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Langevin's Train-the-Trainer Blog

Lynne Koltookian

Lynne has been a course leader with Langevin since 2007. She completed her Bachelor of Arts degree in Communications from Penn State University and a Master’s degree in Education from Boston University. After working many years in human resources and sales, Lynne transitioned into training, her true passion, where she’s been facilitating since 1994. Her training philosophy is simple—learning should be fun! The essence of a good instructor is someone who can make complex things easy to understand and fun to learn. In her free time, you’ll find Lynne cycling, hiking, downhill skiing, and scuba diving.
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Recent Posts

5 Instructional Techniques to Create a Training Masterpiece

Posted by Lynne Koltookian on 5/23/16 8:00 AM

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I love to bake. The thing about baking is that you must include quality ingredients in just the right proportions, and in just the right way, for the recipe to come out perfectly. If you slip up in the building process, your dessert could end up being a disaster! When we design and deliver training we must use the same principles that a pastry chef uses. We must include all of the right elements for our training and in just the right amounts for a successful course and satisfied learners!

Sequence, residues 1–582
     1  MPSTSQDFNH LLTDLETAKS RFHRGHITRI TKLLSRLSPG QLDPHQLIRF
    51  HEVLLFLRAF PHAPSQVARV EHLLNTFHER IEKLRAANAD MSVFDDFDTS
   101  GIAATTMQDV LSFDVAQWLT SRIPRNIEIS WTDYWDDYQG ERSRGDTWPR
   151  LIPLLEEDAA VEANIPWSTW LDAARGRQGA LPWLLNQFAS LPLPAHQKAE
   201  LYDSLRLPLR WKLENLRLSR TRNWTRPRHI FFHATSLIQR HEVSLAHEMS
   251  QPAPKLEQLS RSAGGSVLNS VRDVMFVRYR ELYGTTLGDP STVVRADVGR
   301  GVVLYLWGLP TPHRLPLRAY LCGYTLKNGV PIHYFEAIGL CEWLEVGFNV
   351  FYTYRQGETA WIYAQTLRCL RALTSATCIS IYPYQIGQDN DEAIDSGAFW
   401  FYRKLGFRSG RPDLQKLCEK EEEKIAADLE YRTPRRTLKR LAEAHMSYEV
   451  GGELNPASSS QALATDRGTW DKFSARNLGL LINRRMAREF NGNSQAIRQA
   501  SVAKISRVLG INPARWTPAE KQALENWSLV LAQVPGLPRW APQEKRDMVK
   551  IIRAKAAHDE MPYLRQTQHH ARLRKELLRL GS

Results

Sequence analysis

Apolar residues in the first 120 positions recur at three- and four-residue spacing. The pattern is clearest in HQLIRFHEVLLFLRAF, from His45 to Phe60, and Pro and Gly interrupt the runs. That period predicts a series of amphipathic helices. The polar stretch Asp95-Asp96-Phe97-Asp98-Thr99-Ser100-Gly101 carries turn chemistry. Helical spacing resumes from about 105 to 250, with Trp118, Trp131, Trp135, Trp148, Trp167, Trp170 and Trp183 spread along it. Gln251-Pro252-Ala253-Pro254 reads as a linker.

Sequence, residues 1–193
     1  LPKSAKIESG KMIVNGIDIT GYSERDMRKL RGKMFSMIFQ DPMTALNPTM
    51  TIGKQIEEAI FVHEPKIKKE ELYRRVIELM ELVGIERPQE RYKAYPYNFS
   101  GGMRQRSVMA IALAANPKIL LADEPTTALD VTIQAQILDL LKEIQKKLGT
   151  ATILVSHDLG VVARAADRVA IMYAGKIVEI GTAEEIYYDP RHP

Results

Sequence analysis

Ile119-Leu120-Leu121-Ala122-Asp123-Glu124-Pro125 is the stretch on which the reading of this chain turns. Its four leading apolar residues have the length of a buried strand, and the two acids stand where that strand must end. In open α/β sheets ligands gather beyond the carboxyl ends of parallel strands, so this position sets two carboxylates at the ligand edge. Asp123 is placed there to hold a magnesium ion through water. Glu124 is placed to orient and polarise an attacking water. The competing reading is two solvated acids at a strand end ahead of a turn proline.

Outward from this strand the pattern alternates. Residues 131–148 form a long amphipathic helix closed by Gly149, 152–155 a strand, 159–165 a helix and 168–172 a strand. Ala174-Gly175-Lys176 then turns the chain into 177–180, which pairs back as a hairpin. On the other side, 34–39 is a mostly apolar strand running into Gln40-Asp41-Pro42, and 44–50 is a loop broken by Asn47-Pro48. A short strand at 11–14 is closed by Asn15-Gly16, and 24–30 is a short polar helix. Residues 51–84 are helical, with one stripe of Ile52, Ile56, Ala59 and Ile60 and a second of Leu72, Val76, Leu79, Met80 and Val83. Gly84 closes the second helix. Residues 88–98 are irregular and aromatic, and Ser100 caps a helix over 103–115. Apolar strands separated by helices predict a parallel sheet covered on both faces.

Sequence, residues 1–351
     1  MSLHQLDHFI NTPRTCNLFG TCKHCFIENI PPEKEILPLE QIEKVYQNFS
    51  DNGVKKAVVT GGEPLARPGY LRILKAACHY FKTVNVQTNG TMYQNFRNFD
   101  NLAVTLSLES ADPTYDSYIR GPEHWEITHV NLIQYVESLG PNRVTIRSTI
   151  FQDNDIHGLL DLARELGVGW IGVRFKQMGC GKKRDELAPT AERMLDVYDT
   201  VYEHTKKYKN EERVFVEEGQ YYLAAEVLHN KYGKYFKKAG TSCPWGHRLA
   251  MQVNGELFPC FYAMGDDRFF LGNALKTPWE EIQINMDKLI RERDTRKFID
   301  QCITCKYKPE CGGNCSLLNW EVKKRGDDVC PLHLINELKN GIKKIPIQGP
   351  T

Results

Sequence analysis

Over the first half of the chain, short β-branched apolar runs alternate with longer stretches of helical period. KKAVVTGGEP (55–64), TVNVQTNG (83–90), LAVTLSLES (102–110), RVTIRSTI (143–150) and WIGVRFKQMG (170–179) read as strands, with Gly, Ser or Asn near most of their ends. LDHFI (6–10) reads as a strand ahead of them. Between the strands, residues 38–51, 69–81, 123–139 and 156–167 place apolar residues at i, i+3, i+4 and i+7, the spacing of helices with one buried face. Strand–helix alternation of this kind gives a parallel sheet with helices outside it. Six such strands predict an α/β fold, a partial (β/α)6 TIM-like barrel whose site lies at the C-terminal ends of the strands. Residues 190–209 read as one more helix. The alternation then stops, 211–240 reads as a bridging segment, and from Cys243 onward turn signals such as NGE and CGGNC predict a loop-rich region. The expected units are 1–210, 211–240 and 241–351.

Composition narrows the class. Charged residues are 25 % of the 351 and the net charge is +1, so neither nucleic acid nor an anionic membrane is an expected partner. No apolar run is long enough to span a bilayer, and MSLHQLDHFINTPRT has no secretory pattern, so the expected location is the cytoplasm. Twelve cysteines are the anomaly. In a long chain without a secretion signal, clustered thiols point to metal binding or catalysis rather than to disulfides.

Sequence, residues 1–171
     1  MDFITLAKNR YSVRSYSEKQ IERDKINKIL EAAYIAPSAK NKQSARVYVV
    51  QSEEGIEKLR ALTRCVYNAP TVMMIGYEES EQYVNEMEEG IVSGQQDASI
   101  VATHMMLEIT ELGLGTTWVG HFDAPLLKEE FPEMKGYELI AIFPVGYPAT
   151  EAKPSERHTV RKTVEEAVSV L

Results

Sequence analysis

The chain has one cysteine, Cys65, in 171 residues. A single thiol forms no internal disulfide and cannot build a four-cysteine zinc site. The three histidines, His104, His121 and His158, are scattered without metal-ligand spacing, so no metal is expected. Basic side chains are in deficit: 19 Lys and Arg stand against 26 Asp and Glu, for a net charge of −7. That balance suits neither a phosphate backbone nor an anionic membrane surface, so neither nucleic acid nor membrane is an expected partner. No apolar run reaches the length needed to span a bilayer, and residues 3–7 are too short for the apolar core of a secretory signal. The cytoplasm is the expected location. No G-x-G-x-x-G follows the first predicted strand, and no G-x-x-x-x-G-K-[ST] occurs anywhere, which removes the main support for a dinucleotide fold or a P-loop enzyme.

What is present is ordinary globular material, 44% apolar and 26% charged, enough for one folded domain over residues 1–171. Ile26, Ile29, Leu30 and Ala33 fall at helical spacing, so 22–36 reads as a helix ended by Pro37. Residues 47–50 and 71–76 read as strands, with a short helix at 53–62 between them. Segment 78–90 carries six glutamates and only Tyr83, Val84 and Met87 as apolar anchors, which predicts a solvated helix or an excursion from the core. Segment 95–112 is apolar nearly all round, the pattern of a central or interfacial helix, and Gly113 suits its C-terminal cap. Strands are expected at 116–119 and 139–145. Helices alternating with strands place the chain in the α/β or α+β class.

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Topics: instructional techniques, tips-for-trainers

When to Change Your Delivery Style

Posted by Lynne Koltookian on 5/16/16 4:00 AM

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You’ve likely heard the expression, “You can’t change a leopard’s spots.” That might be true for some people but not for trainers. Confused yet? Let me explain. Most trainers already know about learning preferences. There are learners who prefer a visual approach, those who prefer auditory, and those who like a hands-on style. But did you know there are different delivery styles?